hesitant to pursue an MBA at AU because they think their study virtually, it gives you time to sit down with that English might not be strong enough. “When you study textbook and mark all the words that are new to you, virtually, it gives you time to sit down with that textbook rather than going to a lecture and hearing a word for and mark all the words that are new to you, rather than the first time. A virtual learning experience, gave me going lecture and word for the skills,” first time. time to to adevelop andhearing perfectamy English sheA virtual learning experience gave me time to develop and says. perfect my English “Studying for myskills,” MBA she wassays. not just

“Because I haddoing a family wasgave active in the community, community, theand MBA me a strong sense doing the MBA gave me a strong sense of prioritizing, selfof prioritizing, self-discipline and strategizing about discipline and strategizing about life— life—what is more important to what is more atimportant accomplish “Studying for my was not just learning accomplish a giventomoment. So learning how toMBA manage business and “Yes, you can do it. at a given moment. So yes, it took me yes, it took me six years instead of how to manage business and people, but people, but also learning what the three to finish myofdegree, I didmy it. It’s tough, but you also six years instead three tobut finish engines of lifewhat are the in Canada. me learning enginesItofgave life are can do it.” I want to to other degree, butgive I didthis it. Imessage want to give this confidence and an understanding of the in Canada. It gave me confidence and an women (or men!)women who want to have country. The AU MBAcountry. is veryThe practical. message to other (or men!) whoa understanding of the AU MBA greattocareer a family, theyand can’t do they it all. Course by course, as you finish each one, want have aand great career and and think a family, think is very practical. Course by course, as you finishyou’re each Yes, you can do it. It’s tough, but you can do it.” ready to apply it. And you know you can do it. can’t do it all. Yes, you can do it. It’s tough, but you can one, you’re ready to apply it. And you know you canYou do learned it, you practiced it. You have good insights She do it.”shares a similar message with people who might it. You learned it, you practiced it. You have good insights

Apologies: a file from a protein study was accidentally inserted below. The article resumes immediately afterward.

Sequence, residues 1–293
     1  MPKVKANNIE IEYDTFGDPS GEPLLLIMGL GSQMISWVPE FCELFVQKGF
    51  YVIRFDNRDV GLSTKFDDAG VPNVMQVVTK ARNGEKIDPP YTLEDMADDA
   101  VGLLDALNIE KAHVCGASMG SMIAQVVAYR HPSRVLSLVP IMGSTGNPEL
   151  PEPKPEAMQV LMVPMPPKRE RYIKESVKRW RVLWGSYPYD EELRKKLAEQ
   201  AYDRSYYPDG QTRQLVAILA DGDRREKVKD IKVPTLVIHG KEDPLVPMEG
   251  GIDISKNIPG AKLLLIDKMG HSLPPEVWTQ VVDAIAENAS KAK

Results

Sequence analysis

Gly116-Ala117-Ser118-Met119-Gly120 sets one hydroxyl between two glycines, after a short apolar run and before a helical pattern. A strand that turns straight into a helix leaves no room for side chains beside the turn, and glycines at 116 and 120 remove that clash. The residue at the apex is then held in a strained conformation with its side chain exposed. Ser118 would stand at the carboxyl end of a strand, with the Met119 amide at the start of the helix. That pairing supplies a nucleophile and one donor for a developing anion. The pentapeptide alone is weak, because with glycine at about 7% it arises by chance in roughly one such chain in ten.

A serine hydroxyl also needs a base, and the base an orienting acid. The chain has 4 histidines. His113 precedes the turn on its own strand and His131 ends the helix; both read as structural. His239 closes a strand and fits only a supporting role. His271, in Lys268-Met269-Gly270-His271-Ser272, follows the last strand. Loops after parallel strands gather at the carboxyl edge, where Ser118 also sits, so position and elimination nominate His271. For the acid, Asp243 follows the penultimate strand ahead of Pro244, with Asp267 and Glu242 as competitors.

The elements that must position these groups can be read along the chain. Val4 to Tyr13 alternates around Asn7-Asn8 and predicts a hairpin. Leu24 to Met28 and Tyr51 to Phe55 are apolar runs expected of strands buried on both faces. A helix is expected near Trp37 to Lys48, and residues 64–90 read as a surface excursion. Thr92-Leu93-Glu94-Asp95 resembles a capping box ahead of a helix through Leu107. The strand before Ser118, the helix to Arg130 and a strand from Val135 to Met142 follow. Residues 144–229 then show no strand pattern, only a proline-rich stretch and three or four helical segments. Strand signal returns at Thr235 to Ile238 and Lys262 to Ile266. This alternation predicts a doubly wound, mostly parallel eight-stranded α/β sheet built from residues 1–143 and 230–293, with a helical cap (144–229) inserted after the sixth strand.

be hesitant to pursue an MBA at AU because they think

She shares a similar message with people who might be

into how things should work in real life.”

into how things should work in real life.”



MBA Class Notes A wrap-up of news bites from AU Faculty of Business MBA students and alumni across Canada and around the world over the past six months. Congratulations, all and thank you for sharing your news! Current student and alumni notes are published every month at


TONY JEWELLS, MBA ‘97, received his LLM – Master of International Business Laws – from the University of London. NATALIE KWADRANS (NEE ANDRES), MBA ‘99, and Michael Kwadrans were married on October 13th, 2012. Natalie also completed her CMA designation and started a new role at TELUS as senior strategy manager for the Enterprise Strategy & Enablement Team. JEY ARUL, MBA ‘01, had his organization, VR Business Sales and Mergers & Acquisitions (Edmonton), recognized as the #8 top VR office in the world by VR Corporate. MARY AYLESWORTH, MBA ‘01, was appointed director of procurement services at Simon Fraser University in Vancouver, BC. JACQIE SHARTIER, MBA ‘03, became executive director of operations for the Thorpe Recovery Centre in Blackfoot, Alberta. She also completed her Bachelor of Divinity degree. PETER GOLDBERG, MBA-ITM ‘04, was appointed BC Hydro’s chief process architect. TERRI HINKLEY, MBA ’05, is a clinical research consultant at Terri Hinkley Consulting, which provides independent clinical research consulting to organizations.